Dear Rabbi Fried,
I would like to observe Purim this year. Could you please briefly outline the rituals and observances of the day? With much appreciation,
Last night and today mark the holiday of Purim, in which the underlying theme is immense joy and celebration. It is the celebration of our existence as a people, despite attempts to destroy us. Those attempts began with the first try at the “final solution” by Haman, who sought to destroy the Jewish Nation by killing every last Jew, his decree being signed by King Ahasuerus.
With the miraculous turnaround of that decree, we realized that God remains connected to us even in the darkest of times and is protecting us from annihilation. The observances of Purim are all tailor-made to enhance our joy and celebration of our eternal continuity and loving relationship to the Al-mighty.
There are five main observances on Purim:
1. Reading of the Megillah, or Book of Esther. The Megillah, which contains the Purim story, is heard twice on Purim, once at night and once during the day. You can find a synagogue where this is done. It is important to follow the reading, even in English, to understand the story to the best of your abilities. The storyline is key to the joy and celebration. Megillas Esther literally means the Scroll of Esther, and mystically means “Revealing the Hidden Miracles.”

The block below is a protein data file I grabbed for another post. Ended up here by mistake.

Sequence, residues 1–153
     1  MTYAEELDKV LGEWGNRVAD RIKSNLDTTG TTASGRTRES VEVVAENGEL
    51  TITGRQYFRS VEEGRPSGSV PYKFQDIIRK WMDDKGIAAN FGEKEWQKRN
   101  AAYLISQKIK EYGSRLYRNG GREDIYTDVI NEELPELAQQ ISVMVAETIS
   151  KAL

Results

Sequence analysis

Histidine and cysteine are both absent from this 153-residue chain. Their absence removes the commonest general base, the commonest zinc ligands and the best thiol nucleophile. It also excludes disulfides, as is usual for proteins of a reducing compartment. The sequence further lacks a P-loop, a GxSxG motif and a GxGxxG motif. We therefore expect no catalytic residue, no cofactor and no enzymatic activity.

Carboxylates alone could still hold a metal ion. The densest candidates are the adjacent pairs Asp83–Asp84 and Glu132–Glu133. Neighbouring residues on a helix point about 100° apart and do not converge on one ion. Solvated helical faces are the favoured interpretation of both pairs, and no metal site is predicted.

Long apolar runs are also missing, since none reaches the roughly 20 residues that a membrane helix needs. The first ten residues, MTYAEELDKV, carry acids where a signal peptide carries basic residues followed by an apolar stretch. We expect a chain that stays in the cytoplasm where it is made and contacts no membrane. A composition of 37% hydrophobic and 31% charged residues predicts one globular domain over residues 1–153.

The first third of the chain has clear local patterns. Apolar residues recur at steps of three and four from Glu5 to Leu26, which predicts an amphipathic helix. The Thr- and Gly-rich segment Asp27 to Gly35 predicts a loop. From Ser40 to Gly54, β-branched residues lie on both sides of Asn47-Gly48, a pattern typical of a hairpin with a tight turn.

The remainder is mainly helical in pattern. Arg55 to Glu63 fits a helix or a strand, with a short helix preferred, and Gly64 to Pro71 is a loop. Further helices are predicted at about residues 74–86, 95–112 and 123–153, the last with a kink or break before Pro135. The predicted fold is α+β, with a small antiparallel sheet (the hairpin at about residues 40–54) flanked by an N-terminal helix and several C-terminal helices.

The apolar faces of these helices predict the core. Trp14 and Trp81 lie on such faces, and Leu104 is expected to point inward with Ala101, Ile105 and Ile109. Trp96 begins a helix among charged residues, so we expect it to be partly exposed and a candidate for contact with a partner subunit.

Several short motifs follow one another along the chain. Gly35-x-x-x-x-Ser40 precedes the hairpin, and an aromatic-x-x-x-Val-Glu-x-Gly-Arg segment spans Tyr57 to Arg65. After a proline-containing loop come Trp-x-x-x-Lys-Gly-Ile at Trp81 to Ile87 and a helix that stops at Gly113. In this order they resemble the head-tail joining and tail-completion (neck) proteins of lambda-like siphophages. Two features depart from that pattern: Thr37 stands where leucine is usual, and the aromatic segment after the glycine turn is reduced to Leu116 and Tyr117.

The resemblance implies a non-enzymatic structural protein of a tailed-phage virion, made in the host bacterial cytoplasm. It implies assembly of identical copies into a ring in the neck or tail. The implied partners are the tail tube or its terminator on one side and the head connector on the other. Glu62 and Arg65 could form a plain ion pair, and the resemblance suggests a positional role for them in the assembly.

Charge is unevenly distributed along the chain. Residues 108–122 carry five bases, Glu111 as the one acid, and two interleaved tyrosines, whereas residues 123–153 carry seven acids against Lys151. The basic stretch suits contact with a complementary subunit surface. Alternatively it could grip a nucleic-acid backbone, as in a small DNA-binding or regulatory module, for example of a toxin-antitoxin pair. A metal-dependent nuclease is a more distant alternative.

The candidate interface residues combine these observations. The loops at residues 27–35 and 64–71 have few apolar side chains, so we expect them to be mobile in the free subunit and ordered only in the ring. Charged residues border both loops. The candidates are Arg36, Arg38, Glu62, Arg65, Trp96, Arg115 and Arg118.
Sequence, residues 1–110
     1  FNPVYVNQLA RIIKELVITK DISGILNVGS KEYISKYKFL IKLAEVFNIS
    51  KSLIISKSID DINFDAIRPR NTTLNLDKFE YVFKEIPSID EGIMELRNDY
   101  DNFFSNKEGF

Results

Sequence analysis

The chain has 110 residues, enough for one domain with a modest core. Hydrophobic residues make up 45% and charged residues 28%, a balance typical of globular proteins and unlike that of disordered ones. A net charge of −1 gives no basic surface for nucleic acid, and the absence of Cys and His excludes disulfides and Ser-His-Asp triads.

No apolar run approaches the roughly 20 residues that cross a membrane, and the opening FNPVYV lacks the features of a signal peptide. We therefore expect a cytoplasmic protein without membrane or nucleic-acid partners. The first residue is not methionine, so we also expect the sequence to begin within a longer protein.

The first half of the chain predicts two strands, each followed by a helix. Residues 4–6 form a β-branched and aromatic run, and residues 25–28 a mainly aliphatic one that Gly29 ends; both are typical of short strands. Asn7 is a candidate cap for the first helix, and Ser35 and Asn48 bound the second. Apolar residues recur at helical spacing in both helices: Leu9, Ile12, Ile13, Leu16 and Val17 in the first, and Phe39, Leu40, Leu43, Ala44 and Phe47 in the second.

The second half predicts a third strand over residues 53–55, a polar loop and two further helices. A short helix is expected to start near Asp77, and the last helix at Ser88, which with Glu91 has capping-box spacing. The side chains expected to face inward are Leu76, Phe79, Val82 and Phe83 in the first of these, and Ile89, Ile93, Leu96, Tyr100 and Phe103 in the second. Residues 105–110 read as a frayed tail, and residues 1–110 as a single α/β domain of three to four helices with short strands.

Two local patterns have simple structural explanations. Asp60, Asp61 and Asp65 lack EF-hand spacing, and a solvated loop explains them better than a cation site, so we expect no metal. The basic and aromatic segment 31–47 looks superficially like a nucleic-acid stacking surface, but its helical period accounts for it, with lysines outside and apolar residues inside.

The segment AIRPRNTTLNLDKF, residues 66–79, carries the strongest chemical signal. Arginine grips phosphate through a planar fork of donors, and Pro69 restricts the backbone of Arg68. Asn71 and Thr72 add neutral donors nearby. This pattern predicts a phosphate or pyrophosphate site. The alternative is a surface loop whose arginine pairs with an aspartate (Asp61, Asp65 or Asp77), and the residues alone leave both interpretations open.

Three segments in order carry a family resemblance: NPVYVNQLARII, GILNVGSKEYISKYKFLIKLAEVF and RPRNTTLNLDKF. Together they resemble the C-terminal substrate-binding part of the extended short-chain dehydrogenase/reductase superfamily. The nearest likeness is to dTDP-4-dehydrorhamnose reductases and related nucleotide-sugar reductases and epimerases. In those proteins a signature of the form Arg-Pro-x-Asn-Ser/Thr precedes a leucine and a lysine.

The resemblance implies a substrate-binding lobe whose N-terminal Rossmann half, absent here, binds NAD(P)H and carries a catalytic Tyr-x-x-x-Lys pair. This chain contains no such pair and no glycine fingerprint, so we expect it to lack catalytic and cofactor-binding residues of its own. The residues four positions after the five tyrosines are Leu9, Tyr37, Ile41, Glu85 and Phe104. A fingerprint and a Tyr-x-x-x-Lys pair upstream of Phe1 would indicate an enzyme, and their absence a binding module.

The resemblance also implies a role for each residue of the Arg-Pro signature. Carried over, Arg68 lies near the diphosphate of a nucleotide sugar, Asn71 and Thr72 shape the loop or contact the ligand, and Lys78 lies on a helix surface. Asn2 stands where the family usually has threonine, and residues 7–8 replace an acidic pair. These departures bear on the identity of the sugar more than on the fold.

2. The prayer of Al Hanissim, or “For the Miracles.” This is a special prayer inserted into the daily Amidah prayer, as well as in the Bircas Hamazon, or blessing after the meal. It contains a short synopsis of the miracles of the day and praises G‑d for His kindnesses.
3. Mishloach manos, sending gifts of food. Each adult man and woman sends a gift of two types of food to at least one friend on Purim day (not at night). It is common to send these gifts to numerous friends, and they are often delivered wearing Purim costumes, especially the children. This ritual is to foster greater friendship and connection within the Jewish people.
4. Matanos l’evyonim, gifts of money to the poor. All men and women are obligated to give two gifts of money to two different poor Jews on Purim day. This is to uplift the spirits of the poor on Purim, allowing them to experience the joy of Purim’s salvation and celebration. Many synagogues collect for local poor Jews and for Jews in Israel. There is also a wonderful organization, Od Yosef Chai, that distributes pledges to the poor in Israel on Purim day. Contact it at 800-823-CHAI (2424).
5. Seudas Purim, the Purim meal. This is a particularly festive meal enjoyed during the Purim day. It is enjoyed with guests when possible, with costumes, and with much celebration and joy, discussing the miracles of the Purim story. (For those adults who have achieved an elevated spiritual level, they drink wine “until they can’t tell the difference between ‘cursed is Haman’ and ‘blessed is Mordechai.’” This is fulfilled ideally by drinking a little, then taking a nap.)
I wish you and all the readers a joyous Purim, in which we should continue to witness miracles and merit to see peace in Israel.
Rabbi Yerachmiel Fried is dean of Dallas Area Torah Association.
Dear Rabbi Fried,